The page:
Phantom rule could leave special needs kids, parents in limbo
State officials thought they’d had a rule in place since 2013 requiring school officials to respond within 15 days when a parent requests that a child be evaluated for special education services.
Now it turns out the rule was never filed properly with the Vermont Secretary of State’s office. Some parent advocates saying that means families have no recourse when school officials drag their feet.
Because some of the rules passed by the Vermont Board of Education are not the same as those posted on the Secretary of State’s website a new rule-making process must take place in order for the 15-day standard to go in effect, officials said.
The state Board of Education and Agency of Education say they are swamped with implementing Vermont’s Act 46 school district consolidation law, and don’t have time to deal the special education rules.
Now they’re asking local school districts to meet the 15-day response time as a “best practice.” But parent advocates say that gives them less power to challenge inaction by schools.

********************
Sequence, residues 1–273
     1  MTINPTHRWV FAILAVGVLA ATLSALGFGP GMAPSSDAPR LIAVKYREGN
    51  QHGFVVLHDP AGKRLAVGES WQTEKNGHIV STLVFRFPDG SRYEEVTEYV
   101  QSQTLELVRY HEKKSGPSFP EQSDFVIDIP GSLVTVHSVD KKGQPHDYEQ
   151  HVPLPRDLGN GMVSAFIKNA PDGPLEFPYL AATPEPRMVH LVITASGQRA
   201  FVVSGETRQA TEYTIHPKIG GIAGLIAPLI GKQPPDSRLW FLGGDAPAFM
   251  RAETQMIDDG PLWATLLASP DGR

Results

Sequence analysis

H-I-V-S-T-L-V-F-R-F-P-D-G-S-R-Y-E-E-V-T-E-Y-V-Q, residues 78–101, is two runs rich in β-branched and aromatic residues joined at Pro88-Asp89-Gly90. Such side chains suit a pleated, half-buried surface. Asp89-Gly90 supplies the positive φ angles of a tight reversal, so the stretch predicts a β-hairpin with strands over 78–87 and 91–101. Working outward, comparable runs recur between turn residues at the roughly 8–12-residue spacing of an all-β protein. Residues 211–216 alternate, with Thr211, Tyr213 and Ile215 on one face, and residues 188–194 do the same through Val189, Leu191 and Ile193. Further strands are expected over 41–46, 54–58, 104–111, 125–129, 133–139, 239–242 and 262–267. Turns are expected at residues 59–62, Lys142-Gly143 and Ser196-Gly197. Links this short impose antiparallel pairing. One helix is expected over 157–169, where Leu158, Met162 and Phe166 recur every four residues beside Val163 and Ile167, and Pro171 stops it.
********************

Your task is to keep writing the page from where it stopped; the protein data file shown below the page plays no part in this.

“The difference between best practice and a rule is that a rule is a procedural safeguard for parents’ rights,” said Karen Price, the family support director with Vermont Family Network.
With a rules violation, parents could enter a formal complaint process, Price said. When looking to cure a deviation from best practice, “a parent is relying on the good faith on the part of the school,” she said.
When a parent suspects their child may need special education services, the first step is to ask for an evaluation to see if the child is eligible. Price said that before the state board added the 15-day rule there was no defined timeline for schools to respond to parents’ requests.
“It has been a long-standing problem that parents that suspect their child has a disability and they make a request then never hear back,” Price said. “It happened a lot.”